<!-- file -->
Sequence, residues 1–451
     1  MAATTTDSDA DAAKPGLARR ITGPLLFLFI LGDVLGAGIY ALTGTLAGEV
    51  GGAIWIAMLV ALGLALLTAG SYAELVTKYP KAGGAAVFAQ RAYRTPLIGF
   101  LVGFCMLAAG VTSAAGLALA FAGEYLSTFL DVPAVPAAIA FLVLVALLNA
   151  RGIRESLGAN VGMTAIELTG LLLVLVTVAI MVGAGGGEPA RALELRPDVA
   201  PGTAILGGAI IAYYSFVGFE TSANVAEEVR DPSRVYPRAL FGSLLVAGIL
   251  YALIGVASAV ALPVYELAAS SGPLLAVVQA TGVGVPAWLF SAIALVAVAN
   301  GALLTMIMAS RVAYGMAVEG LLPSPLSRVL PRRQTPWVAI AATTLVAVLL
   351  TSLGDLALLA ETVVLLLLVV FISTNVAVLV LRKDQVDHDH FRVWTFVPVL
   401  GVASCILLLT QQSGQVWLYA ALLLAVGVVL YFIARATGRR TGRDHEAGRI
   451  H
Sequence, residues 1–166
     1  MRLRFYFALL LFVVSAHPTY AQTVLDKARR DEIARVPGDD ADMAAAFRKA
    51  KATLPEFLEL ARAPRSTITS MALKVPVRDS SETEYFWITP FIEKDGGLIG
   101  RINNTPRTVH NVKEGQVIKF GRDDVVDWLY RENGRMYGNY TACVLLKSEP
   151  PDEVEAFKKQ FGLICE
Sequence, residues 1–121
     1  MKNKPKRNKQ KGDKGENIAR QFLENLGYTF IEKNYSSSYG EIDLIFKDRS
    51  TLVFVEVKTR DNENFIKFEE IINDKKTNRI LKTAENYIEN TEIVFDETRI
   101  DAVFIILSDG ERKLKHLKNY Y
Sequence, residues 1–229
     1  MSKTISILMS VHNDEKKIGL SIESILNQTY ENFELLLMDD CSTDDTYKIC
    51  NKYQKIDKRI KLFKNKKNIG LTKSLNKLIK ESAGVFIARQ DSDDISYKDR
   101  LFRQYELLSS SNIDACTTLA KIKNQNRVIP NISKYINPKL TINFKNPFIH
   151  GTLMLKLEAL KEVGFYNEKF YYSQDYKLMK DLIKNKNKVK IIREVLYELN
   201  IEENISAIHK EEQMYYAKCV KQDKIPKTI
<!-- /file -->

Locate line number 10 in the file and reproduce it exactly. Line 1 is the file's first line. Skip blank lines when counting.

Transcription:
   401  GVASCILLLT QQSGQVWLYA ALLLAVGVVL YFIARATGRR TGRDHEAGRI